The more advanced the device, the more invisibly and effortlessly the commodity is supplied. The furnace’s commodity is heat. The airplane’s commodity is mobility. The stereo system’s commodity is music. And the commodity procured by the web of devices encompassing the supermarket, the freezer, the frozen burrito, and the microwave is, in a lot of American homes, supper.
The promise of technology, Borgmann has shown with considerable philosophical precision, is liberation or, as he also calls it, “disburdenment.” The hearth was a dangerous and fickle presence in the household that had to be tended by persons skilled in building the fire, stoking the fire, covering the fire at night, and so forth. Not for nothing did the Romans venerate Hestia as a goddess. But with the advent of the furnace, we were disburdened from the need to procure heat with our own hands and skill. We are so disburdened, in fact, that few of us could “tend” our furnace if we had to. Furnaces, like airplanes, stereo systems, and microwaves, are complicated and opaque devices that are serviced by specialists. Even technological food itself can be complicated and opaque, as Borgmann illustrates in his latest book, Power Failure, with this list of ingredients:
Water, hydrogenated coconut and palm kernel oils, corn syrup, sugar, sodium caseinate, dextrose, polysorbate 60, natural and artificial flavors, sorbitan monostearate, xanthan gum and guar gum. Artificial color.
These are the ingredients for Cool Whip, the device that provides the commodity of “nondairy whipped topping” for consumers, thus disburdening them of having to whip cream and count its fat grams for their diets. “All of these attractive features,” Borgmann writes, “can be gathered under the notion of availability. … Nearly everything that surrounds a citizen of [advanced industrial society] exhibits the opaque and commodious availability of Cool Whip and rests on a sophisticated and unintelligible machinery.”
So disburdenment comes at a price, that of “disengagement.” We are surrounded by devices we can only purchase, not tend, which produce commodities we can only consume, not create. The more technology we can afford, the more perfectly disburdened—and disengaged—we become.
This is the point where the critics of technology start sharpening their knives. What is this freedom we have purchased for ourselves? Is it not a kind of slavery to our devices? Are we not dangerously disengaged?
Borgmann certainly wants to question the device paradigm, and his editors at Brazos have pointed up its ominous implications with the title Power Failure (accompanied by a menacing cover illustration of skeletal transmission towers, one of them in the shape of a cross). Indeed, that title seems prescient after the northeastern power outage of August 2003 that reminded millions of Americans how device-dependent we have become, and how dependent are all of our devices, from refrigerators to urban transit systems, upon electricity, the technological commodity par excellence.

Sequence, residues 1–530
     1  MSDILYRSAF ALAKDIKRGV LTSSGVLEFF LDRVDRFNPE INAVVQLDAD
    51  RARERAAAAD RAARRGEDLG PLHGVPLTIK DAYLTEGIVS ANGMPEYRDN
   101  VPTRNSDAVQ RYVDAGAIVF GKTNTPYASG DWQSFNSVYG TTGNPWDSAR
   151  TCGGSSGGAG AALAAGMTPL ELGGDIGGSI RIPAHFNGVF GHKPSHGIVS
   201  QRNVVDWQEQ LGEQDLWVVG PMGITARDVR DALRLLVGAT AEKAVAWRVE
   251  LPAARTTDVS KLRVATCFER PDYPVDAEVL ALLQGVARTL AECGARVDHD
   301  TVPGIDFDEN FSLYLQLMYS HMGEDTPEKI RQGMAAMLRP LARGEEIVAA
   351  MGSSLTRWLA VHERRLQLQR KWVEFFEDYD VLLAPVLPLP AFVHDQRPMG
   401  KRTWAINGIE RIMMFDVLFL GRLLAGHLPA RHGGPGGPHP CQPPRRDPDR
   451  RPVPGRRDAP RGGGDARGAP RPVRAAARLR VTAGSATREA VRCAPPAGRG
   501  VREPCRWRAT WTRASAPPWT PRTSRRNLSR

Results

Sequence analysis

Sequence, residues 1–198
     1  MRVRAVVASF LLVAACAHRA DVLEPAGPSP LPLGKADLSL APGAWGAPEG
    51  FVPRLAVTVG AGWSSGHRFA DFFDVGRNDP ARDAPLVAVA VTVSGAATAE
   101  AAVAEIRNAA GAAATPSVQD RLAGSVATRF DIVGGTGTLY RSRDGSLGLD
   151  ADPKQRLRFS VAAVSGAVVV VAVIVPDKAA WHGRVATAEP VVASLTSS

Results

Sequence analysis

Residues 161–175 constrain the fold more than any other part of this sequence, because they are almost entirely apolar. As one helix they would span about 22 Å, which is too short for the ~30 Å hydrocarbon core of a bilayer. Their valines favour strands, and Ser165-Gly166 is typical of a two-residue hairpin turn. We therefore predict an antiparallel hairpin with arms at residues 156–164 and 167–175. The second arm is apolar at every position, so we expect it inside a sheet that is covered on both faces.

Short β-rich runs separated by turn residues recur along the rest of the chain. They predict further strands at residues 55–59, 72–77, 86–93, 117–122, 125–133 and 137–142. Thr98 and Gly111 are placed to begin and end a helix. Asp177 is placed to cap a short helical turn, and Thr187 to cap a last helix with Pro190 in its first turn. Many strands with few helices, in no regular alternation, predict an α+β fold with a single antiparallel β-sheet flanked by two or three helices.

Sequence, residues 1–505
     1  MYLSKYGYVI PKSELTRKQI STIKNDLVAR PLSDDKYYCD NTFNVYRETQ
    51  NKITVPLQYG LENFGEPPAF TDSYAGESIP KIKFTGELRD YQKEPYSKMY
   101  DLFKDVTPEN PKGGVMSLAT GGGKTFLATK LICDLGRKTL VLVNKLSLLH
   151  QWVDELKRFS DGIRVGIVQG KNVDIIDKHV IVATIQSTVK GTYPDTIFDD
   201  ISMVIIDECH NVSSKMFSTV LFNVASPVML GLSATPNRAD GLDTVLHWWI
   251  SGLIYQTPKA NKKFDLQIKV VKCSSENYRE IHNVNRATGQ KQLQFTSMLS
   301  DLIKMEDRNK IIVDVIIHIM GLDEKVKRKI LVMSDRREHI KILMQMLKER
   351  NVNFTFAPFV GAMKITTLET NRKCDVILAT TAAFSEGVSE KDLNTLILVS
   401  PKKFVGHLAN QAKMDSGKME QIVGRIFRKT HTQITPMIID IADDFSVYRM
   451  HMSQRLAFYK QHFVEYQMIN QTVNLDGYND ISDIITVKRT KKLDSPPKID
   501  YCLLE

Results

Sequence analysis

But Borgmann is subtler than that title might imply. He understands, first of all, that the liberation that technology has delivered is in many respects real. An urban technophile can read Borgmann without the nagging sense, which has always dogged my reading of [[Berry, Wendell|Wendell Berry]], that the moral force of the author’s anti-technological vision is undercut by internal contradictions. Berry, famously, does not own a computer, but he seems untroubled by the machine-readable bar codes on the back of his own books. And if I, unlike Berry, have no patrimony in rural Kentucky to retire to and tend with my hands, what do I do? A poet, not a philosopher, Berry has little to say about these problems. Borgmann, on the other hand, is happy to acknowledge that on its own terms, technology does deliver much of what it promises.
Borgmann also rejects what he calls “the unwarranted optimism of the pessimists”—the strange glee with which some critics of technological culture, including religious ones, predict the wholesale collapse of the technological edifice, whether under intrinsic pressures like those that temporarily brought down the power grid or extrinsic limits posed by the resources and sinks of our natural environment. No, Borgmann argues, the culture of technology is smarter than that. While he acknowledges the havoc that technology has wrought on the environment, he also notes the growing speed with which technologically advanced economies have been moving to address these deficiencies. These economies have too much invested in technology to allow it to fail, and the track record, pace the critics, is on the whole in favor of technological solutions to technology’s problems.
And yet Borgmann urgently believes that the robust success of technology, compounded by its unique ubiquity and invisibility, is toxic to individuals, families, and nations. Over the past 20 years he has explored the ways that the device paradigm, taken as the definitive paradigm for human flourishing, in fact undermines human lives and societies. Even in 1984 it was clear that Borgmann, a Catholic, wrote from a specifically Christian point of view; Power Failure is his most explicit attempt yet to make plain how the culture of technology challenges Christianity at its very roots.